This is worth a look in terms of the cost of renewable subsidies and the effects on energy bills. http://www.greenpeace.org.uk/newsdesk/energy/data/infographic-what-puts-your-energy-bill
Basically it's pretty minimal in its effect.
It's a pretty useful graphic actually. The FIT is not a significant financial burden over a year, and never was. As the government continues to lower the FIT (theoretically) in line with reducing solar installation costs, it becomes even less so.
However, the point is not so much the inequality generated by the FIT's upward impact on low-income bills (though there is a minimal amount). Instead, the point is that the FIT regime prevents those on low-incomes accessing the subsidy in the first place, as they lack the investment capital necessary to purchase a solar PV system. Investing in solar panels can be looked at as a 25yr long bulk purchase of cut-price electricity (becoming better and better value as energy prices increase while your FIT payments remain frozen). Thus, those on lower-incomes do not have access to the advantage of being able to bulk buy at cut price in advance of price rises.
Two inequalities are generated by this process: financial inequality and energy inequality. Financial inequality is generated (or worsened) because richer households can begin to access cheaper energy, thus spending less on bills (unless they increase their overall consumption). Poorer households cannot, and thus continue to spend more, despite energy costs already being a larger proportion of their overall income.
Energy inequality is created when vulnerability to energy price rises begins to impinge on the amount of energy a low-income household can afford to purchase, in contrast to a richer household with a PV system which is: 1) initially more affluent, 2) spending less on energy per unit, 3) better protected against price rises, as a proportion of their energy supply is domestically produced. So financial and energy inequality interact to put lower-income households at a disadvantage.
Back to the graph: which factor is driving price rises most? The cost price of gas for the utilities companies. There is no good reason to think this trend will reverse, as extraction becomes more and more expensive and controversial. So the graph reinforces our need to enable low income households to access renewables at least as easily as more affluent groups.
While obviously renewable subsidies are crucial, this graph does perhaps more to undermine the case for the FIT regime than it does to support it.
What do you reckon?
It is, presumably, very important to remember that the vast majority of those defined as 'low income' do not and will not own their own home which perhaps worsens this inequality. Do local authorities/housing associations qualify for Feed-in Tariffs?
I think what I fail to see is a viable solution to stimulating the demand for solar panels other than incentivising those with capital (the well off) from investing. Not like the government are gonna do it.
1) Should the FIT be scapped?
2) What would replace it?
In an ideal world my inkling is yes to 1) and a big state investment in solar for housing associations and council properties.
In the meantime do we accept the inequality in light of the greater evil of climate change?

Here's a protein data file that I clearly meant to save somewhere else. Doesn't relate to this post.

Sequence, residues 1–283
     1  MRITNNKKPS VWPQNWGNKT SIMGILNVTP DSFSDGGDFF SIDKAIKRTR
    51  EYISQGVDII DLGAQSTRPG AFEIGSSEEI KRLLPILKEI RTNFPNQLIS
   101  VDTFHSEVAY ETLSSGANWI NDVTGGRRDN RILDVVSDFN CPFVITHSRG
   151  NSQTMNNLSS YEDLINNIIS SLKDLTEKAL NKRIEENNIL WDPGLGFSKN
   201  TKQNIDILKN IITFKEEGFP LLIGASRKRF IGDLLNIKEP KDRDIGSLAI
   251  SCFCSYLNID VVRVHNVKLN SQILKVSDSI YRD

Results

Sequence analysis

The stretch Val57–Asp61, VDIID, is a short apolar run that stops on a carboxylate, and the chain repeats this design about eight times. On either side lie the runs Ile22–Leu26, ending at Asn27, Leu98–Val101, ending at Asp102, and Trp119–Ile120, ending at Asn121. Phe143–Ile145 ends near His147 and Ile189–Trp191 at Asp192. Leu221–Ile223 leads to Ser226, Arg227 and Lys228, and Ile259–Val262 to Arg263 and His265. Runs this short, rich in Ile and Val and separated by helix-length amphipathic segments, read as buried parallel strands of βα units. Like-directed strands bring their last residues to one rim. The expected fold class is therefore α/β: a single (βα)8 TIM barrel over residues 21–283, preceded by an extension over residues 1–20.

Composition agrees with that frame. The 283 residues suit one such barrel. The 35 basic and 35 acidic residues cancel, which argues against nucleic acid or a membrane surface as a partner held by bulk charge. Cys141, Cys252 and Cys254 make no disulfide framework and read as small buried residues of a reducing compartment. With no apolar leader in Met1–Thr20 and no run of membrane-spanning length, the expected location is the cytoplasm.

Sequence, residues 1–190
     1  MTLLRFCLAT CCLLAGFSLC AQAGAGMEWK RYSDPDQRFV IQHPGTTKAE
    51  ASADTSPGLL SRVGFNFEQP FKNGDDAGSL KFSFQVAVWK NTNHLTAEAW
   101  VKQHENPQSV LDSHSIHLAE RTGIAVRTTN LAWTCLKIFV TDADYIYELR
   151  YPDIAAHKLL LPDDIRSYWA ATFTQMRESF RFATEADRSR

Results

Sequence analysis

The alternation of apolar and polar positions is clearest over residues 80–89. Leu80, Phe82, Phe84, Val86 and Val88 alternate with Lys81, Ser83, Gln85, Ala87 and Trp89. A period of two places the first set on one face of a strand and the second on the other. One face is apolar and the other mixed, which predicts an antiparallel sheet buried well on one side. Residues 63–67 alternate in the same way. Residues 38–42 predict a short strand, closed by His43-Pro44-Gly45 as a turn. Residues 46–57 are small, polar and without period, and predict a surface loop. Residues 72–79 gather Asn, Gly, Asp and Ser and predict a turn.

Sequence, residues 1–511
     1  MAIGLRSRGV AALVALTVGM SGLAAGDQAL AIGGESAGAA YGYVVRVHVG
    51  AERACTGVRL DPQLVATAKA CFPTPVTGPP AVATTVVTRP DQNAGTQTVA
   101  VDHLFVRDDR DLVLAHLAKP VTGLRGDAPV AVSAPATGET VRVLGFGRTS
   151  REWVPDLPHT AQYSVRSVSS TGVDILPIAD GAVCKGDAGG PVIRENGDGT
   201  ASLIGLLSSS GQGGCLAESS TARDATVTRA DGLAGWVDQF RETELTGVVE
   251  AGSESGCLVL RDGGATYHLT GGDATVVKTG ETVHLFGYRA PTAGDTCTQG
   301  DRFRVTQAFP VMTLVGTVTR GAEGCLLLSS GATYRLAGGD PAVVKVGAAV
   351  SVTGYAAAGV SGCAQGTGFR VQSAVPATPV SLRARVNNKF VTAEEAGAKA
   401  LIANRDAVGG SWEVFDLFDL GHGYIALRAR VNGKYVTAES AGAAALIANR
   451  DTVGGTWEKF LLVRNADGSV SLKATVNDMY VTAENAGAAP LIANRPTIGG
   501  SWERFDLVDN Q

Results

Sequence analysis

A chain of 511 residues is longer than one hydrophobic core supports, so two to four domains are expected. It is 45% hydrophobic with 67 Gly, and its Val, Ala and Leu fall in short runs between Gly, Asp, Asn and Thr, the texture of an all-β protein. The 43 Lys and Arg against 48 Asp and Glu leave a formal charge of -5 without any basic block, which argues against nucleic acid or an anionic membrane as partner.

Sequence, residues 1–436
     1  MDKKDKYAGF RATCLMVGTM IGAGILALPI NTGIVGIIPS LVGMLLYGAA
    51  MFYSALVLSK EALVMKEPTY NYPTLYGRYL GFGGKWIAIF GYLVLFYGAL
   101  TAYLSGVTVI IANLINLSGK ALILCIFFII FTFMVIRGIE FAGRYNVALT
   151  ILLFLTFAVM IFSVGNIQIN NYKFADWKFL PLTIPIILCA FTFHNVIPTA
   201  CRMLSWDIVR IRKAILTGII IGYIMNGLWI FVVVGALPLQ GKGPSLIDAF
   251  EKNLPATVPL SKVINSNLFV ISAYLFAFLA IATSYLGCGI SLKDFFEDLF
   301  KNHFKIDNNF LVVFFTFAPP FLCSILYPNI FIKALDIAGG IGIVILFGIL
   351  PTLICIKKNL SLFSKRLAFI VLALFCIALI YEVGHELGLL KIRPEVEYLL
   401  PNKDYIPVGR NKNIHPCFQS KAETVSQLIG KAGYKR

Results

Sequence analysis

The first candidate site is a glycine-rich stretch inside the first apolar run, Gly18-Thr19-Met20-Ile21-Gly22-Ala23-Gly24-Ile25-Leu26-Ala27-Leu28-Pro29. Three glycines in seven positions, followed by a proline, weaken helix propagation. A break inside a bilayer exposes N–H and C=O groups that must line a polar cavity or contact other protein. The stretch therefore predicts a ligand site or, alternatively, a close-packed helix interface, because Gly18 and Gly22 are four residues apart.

It's a very good point about low income households not owning their own homes. This makes it even harder for those households to access solar panels. Their only real option is to pressure their landlords or local authorities to install them, there being of course no guarantee they will be listened to.
Furthermore, it is the owner (whether private or local authority) of the building to whom the Feed-in Tariff payments accrue, so while the tenants would face lower bills due to lower consumption (from the grid), they would still be paying the same price per unit overall (i.e. they still do not access the 'bulk-buying' benefit). This still leaves them more vulnerable to price rises than compared to richer households, and therefore the victims of energy inequality.
In answer to your questions:
Yes, it should be, if a subsidy regime that opened up solar to all was implemented in its place. Not an enormous amount is gained from scrapping it to be replaced by nothing. This benefits neither the richer or poorer households. However, there is much evidence to suggest that inequality in itself contributes to a wide array of social ills. On this basis, you would have to weigh up the ability of PV to counter climate change against the corrosive effects of inequality within societies to decide whether the Feed-in Tariffs should continue.
It seems to me that social housing (council or non-profit Housing Associations) would pass on profits from FITs to tenants (or taxpayers) so that could be a good solution. No way that private landlords would do this.
I still feel like all of this needs thrashing out and that some good quality suggestions are needed before abolishing FITs. How would a subsidy regime open to all work? I guess the government could just buy people solar panels.
All of this in the context of solar panels not even being that good is somewhat dispiriting.
You may well be right about social housing, and there are some innovative community solar FIT schemes up and running, such as the Bristol Energy Co-op.
How exactly a subsidy regime 'open to all' could work does need some serious thought, as a starting point it would not be able to exclude those with less capital, so it would require financial assistance of some kind that all could access, probably on a sliding scale.
However, underlying all of this is the need to simply use less energy. The better we become at lowering our demand, the easier it becomes to provide for all in the first place. This is the real challenge.